Way back in the late 1990s when Saab was still a functioning carmaker, one of the things advertised about the then-new 9-5 Wagon was that the trunkspace floor had aircraft-inspired cargo securing tracks. Far handier than just a couple of metal hoops hidden in there somewhere, surely? A couple of decades later, we giddily await for the next notable invention in the fascinating world of item hauling, and it might be this one: Ford is patenting conveyor belts in the back of a three-row SUV.

Yes, the idea of the Ford patent is to make it easier to move stuff around the trunk of a three-row SUV, from the load lip to the back of the cargo area, and perhaps to fetch those same things from beyond the reach of a mere non-stretchy mortal. Not everyone of us is Mister Fantastic, so we have to strain for the farthest cargo. But pressing a button and having a conveyor belt bring those things within your grasp — isn't that the civilized way? Part of the idea is that the belts would utilize the same motors that power-fold the third row, so while the solution makes things a little more complicated, it would still make a bit of sense.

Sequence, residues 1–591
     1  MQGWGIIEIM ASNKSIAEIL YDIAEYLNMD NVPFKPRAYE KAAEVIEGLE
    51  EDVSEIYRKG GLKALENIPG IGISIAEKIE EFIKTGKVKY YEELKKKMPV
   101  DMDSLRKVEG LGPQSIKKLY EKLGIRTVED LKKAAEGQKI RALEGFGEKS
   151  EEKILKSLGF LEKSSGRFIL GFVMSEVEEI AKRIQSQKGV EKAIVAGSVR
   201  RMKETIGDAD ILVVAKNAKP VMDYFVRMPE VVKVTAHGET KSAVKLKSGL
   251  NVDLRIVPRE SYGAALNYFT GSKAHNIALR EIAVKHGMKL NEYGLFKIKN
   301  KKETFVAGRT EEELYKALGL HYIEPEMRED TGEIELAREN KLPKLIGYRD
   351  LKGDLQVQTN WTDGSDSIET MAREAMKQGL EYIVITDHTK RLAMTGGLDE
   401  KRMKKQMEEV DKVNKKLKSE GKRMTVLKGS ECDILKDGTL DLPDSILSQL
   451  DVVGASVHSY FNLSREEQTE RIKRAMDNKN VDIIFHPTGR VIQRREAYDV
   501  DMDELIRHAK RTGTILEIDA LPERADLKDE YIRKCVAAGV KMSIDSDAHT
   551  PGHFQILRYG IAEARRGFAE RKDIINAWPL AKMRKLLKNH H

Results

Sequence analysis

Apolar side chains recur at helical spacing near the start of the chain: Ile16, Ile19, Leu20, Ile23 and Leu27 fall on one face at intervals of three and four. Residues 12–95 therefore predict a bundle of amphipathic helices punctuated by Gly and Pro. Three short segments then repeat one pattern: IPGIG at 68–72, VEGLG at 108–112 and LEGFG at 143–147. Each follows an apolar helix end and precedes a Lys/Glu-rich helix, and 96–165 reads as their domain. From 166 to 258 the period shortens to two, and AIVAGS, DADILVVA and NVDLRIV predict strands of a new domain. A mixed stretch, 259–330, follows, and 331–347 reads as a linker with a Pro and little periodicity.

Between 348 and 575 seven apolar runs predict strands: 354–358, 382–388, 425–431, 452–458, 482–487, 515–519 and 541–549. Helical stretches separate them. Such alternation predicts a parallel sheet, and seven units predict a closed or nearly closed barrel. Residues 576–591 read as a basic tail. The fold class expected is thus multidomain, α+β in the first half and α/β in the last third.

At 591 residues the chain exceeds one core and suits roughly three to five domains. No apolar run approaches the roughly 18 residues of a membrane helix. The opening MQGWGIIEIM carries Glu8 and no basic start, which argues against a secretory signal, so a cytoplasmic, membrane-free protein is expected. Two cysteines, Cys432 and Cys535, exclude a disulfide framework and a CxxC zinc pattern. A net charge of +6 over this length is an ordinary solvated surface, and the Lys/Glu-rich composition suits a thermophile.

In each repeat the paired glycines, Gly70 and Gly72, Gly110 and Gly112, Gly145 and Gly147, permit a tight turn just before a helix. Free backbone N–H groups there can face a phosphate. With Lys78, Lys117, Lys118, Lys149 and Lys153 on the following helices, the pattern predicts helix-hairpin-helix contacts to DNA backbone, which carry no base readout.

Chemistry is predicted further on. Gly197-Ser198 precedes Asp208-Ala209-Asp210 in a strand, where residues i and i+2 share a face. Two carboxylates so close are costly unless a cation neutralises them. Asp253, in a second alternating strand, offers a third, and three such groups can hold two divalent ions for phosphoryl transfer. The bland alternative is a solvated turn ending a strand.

But as CNET reminds us, car manufacturers patent flight-of-fancy stuff all the time, and a patent application doesn't actually mean you'll be seeing conveyor belts in your 2025 Explorer. Still, here's hoping. It would make for a great advertisement: "Ford: Our conveyor belt assembly line was one of the things that made the Model T such a success. Now, you can have one of those inside a Ford ..."

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